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The Leonids 98 Thursday, 19 November, 1998, 10:23 GMT
Hit-and-miss meteor display
Mongolian nomad family
A nomad family gather outside their tents to watch a meteor shower in Mongolia
The Leonid meteor storm arrived earlier than predicted, leaving many observers disappointed.

The light show - which was most visible in Asia - was caused by tiny fragments left in the wake of the comet Tempel-Tuttle.

As the Earth passes through this space debris, the dust particles plunge into our atmosphere and burn up, producing streaks of coloured light across the sky.

But scientists who had predicted a spectacular display "like God's own fireworks" on Tuesday night and Wednesday morning now say they were wrong.

'We got it wrong'

A team of Canadian and American scientists monitoring the event in Mongolia admitted the storm had arrived early and the best sightings were probably late on Monday and early on Tuesday.

Colonel Simon Worden, of the US Air Force, said: "We didn't expect that. It's very unusual."

Astronomers in Hong Kong
Amateur astronomers in Hong Kong search the night sky in vain
The Leonids defied all the scientists' predictions and there was nothing like the 10,000 meteors per hour which some experts had predicted.

One of those who did see the early pyrotechnics on Monday night was Jill Thompson, a journalist with the South China Morning Post, who happened to be looking out of the window on a flight from Hong Kong to London.

She told BBC News 24: "It was a command performance. It was like being under attack from tracer fire."

'Lit up the fuselage'

Ms Thompson said the meteors lit up the fuselage as they hit the atmosphere and she said she was so anxious she pointed them out to an air stewardess.

The meteor in Alaska
A meteor, seen against the background of the Aurora Borealis, streaks across the Alaskan sky
Because of the position of the Earth, the Leonids were best viewed from the Far East but many Asians who ventured out to watch the celestial fireworks ended up cold and frustrated.

In China, thousands braved temperatures of minus 20 Celsius along the Great Wall but saw nothing despite clear skies.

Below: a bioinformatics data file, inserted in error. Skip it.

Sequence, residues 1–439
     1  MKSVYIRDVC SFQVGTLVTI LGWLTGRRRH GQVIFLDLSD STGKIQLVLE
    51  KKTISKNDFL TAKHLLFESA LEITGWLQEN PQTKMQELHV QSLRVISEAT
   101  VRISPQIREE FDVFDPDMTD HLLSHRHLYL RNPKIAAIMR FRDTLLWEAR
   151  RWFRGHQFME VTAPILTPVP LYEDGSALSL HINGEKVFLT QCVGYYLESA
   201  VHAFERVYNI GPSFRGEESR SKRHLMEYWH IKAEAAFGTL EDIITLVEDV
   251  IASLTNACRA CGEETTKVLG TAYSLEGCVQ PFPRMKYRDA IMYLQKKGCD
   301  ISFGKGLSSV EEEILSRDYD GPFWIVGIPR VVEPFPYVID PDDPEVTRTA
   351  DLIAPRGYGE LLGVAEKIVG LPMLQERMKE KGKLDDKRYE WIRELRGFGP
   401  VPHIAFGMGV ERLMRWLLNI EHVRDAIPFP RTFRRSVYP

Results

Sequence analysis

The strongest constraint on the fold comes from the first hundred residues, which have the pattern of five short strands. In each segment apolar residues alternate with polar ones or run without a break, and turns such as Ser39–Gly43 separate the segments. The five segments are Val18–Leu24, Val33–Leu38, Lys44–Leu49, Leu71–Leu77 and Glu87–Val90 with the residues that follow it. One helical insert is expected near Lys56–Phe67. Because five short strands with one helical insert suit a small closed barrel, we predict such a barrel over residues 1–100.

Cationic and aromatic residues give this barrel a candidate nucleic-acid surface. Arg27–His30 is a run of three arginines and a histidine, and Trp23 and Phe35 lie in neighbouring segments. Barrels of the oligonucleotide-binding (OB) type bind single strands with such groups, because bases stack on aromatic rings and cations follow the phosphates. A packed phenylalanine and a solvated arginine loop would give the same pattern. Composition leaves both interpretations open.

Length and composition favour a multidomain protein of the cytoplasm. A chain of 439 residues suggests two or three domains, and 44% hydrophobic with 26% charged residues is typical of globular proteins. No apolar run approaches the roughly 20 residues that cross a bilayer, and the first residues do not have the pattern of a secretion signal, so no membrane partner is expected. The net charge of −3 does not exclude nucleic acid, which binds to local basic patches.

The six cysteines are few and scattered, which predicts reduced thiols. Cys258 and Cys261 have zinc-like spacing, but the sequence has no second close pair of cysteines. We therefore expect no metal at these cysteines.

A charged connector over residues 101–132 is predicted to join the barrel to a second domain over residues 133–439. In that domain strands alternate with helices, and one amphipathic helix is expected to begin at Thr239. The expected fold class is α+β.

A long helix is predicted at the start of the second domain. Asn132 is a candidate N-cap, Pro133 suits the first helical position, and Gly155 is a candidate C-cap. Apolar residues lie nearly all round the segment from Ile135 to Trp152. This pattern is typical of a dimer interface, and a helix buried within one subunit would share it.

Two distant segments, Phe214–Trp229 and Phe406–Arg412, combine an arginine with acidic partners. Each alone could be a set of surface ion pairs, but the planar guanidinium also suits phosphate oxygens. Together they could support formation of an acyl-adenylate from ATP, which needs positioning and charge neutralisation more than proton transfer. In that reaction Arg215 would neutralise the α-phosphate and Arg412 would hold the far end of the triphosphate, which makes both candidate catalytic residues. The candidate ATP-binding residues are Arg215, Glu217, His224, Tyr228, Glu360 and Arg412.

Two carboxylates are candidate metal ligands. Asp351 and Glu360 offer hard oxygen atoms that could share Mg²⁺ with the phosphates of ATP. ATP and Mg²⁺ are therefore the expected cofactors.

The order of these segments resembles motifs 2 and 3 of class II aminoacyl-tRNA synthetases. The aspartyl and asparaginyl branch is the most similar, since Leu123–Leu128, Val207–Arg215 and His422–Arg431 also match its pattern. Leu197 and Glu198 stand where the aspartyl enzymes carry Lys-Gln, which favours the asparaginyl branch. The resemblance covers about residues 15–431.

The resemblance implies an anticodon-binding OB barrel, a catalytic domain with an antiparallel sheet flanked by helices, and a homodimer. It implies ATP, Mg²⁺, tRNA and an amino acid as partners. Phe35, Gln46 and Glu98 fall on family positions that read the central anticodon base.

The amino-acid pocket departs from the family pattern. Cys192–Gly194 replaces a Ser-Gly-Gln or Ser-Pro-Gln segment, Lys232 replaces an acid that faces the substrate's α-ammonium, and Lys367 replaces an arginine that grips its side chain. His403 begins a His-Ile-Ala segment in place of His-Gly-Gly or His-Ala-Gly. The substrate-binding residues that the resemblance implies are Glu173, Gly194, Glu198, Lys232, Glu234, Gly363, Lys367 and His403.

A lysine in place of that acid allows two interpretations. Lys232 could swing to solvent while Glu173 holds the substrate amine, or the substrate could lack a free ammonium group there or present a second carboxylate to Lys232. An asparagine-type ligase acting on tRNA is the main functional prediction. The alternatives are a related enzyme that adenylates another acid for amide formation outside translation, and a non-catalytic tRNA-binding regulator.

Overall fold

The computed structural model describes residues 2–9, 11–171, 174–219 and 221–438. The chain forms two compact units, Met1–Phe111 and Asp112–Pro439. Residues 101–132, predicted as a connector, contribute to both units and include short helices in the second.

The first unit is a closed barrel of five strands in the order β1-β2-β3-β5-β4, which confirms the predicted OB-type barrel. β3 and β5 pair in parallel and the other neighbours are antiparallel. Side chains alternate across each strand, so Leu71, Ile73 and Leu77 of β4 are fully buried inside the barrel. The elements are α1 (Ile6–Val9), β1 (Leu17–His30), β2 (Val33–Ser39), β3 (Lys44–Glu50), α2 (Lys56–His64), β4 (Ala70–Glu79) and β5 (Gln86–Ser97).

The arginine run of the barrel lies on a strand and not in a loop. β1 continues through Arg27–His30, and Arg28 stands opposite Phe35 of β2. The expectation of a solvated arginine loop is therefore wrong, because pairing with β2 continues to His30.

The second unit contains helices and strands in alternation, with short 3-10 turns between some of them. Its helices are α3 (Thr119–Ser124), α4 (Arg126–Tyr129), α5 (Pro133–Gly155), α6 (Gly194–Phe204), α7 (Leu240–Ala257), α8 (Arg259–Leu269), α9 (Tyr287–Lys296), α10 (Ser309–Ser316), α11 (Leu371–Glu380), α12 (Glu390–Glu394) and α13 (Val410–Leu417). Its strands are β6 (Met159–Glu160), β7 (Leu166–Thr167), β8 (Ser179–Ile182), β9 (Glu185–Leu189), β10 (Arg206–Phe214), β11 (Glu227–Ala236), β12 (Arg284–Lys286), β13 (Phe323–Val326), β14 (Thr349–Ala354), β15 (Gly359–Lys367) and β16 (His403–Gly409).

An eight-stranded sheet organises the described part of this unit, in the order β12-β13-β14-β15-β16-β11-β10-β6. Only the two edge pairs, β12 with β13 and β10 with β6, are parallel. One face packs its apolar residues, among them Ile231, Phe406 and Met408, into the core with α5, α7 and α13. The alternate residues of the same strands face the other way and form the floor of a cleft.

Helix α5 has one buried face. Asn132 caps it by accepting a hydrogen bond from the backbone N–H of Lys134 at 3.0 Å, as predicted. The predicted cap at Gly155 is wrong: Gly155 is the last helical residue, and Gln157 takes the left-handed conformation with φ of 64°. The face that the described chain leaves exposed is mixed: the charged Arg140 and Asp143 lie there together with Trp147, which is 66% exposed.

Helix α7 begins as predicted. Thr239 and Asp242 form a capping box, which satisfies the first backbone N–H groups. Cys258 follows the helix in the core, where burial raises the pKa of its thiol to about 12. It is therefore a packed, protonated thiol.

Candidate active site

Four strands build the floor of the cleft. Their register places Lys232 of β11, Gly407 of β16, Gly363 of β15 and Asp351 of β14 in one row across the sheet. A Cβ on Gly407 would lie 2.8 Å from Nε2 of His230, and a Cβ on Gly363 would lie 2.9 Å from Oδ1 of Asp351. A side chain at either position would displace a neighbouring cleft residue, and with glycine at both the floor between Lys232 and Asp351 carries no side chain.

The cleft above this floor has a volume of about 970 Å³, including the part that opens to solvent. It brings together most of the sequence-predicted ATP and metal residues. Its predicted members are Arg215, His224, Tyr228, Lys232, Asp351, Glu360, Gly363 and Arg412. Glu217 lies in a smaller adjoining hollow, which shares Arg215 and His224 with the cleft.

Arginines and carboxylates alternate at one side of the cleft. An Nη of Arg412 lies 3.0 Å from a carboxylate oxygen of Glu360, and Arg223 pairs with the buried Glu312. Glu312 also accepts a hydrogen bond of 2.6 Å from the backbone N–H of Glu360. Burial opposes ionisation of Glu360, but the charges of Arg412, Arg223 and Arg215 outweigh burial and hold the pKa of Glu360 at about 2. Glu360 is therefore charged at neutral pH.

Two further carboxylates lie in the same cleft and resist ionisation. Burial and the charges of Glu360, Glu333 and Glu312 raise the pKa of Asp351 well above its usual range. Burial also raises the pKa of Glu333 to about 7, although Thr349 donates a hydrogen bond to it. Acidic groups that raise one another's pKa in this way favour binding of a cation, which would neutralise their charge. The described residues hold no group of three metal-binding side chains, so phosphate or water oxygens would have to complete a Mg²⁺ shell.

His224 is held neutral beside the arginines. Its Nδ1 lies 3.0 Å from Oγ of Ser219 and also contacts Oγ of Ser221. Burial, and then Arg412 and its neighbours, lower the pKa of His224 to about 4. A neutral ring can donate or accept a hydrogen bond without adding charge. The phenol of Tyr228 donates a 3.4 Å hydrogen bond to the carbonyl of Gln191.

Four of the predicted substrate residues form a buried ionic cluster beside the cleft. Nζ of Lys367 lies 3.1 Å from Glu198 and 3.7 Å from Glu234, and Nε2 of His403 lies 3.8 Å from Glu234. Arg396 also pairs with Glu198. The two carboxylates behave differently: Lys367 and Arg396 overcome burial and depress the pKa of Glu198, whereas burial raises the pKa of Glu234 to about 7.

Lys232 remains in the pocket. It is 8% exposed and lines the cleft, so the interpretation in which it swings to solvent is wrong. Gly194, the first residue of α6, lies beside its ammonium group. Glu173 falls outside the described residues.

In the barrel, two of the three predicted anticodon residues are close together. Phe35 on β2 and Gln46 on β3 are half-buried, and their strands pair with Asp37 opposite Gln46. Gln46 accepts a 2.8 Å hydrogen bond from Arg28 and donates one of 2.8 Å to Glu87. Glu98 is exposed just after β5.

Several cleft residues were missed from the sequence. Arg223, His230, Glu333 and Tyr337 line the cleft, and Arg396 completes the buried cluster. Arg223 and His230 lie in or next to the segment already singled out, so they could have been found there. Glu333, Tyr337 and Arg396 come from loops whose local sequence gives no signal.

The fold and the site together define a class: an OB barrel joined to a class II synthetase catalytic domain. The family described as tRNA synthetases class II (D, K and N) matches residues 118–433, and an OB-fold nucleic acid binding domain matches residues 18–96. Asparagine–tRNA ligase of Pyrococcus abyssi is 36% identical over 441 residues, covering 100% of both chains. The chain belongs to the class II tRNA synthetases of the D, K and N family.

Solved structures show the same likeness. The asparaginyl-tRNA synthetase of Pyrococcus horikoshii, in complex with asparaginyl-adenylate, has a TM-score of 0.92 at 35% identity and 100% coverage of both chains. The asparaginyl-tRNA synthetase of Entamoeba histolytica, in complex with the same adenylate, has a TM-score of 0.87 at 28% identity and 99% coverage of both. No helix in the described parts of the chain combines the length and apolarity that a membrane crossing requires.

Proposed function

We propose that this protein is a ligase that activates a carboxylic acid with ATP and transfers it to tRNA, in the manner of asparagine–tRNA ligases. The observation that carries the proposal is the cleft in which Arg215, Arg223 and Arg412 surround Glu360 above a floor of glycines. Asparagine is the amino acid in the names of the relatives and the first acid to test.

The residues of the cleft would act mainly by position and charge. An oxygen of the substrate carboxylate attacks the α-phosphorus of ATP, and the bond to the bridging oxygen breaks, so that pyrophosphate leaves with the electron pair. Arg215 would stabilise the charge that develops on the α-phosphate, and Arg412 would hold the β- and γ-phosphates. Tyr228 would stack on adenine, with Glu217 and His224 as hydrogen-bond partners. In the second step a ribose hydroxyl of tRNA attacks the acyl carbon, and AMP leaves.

In Hong Kong, clouds and drizzle obscured the view. And it was much the same story in the UK which for the most part was covered in fog and cloud.

In the Australian capital, Canberra, dozens braved the bitter cold at the Mount Stromlo Observatory in a futile bid to see the meteors through the cloud.

Good view in Japan

Shooting stars were visible in Japan, where many businesses turned their lights off to enable the public to get a better view.

Toshiaki Kogai, who watched the meteor storm from a park near Tokyo, said: "It's wonderful. I never imagined it would be like this."

Tens of thousands of tourists flocked to Thailand's highest mountain, Doi Inthanon, but clouds partially obscured their view.

The Leonids, so-called because they appear to come from the constellation of Leo, can be seen every year but are at their most intense just after Temple-Tuttle has visited the inner solar system - this happened very recently.

Scientific feeding frenzy

Nasa sent up two research planes bulging with scientific sensors from a US Air Force base on Okinawa.

BBC science journalist Dr Chris Riley, who was on one of the two planes, said: "There were not as many meteors as we had anticipated."

Nasa says the storm gives scientists a rare chance to study the composition of the comet and possibly glean more about the origins of life on Earth.

Nasa astrobiologist Gregg Schmidt said: "We have a very unique opportunity here to get some information about the way life may have arisen."

It is thought the elements necessary for life on Earth may have been brought here by comets or meteorites.

Although Asia was in the best position, globally, to witness the Leonids, they were visible in other parts of the world.

False alarms

The Norwegian rescue services were inundated with calls from people who feared they might be distress flares fired by ships in trouble.

Satellites appear to have suffered no damage
While the lack of meteors was bad news for thrillseekers, it was good news for global telecommunications as none of the world's 600 satellites were seriously damaged.

Many were manoeuvred out of the meteors' path to reduce the possibility of damage to their solar panels.

The crew of the Mir space station entered the Soyuz escape capsule as a precaution but in the event there was no need to worry.

USAF Captain Steve Butow, said: "Most of the stuff that made the trails in the sky were probably no larger than the size of a small marble at the maximum. So no Armageddon tonight."

Repeat performance

The Royal Astronomical Society says that once this year's observations are analysed, it should be easier to predict whether there could be a repeat performance in 1999.

Next year the Earth will again pass through the trail of Leonid meteors shed by the Tempel-Tuttle comet.

But after that, a similar storm will not occur for another 33 years.

BBC News
Jill Thompson: "It was like being under attack from tracer fire"
BBC News
BBC reporter Peter Gould: A disappointing night under the stars
BBC News
Dr Chris Riley in Okinawa: "We didn't see as many meteors as we anticipated"
BBC News
BBC Science Correspondent James Wilkinson: Celestial matters are always tricky to predict
BBC News
John Zarnecki of the European Space Agency: "This is an occasion when amateur astronomers can contribute"
BBC News
BBC Tokyo Correspondent Juliet Hindell: "It was really quite pretty"
See also:

18 Nov 98 | The Leonids 98
18 Nov 98 | The Leonids 98
02 Dec 98 | The Leonids 98
19 Nov 98 | The Leonids 98
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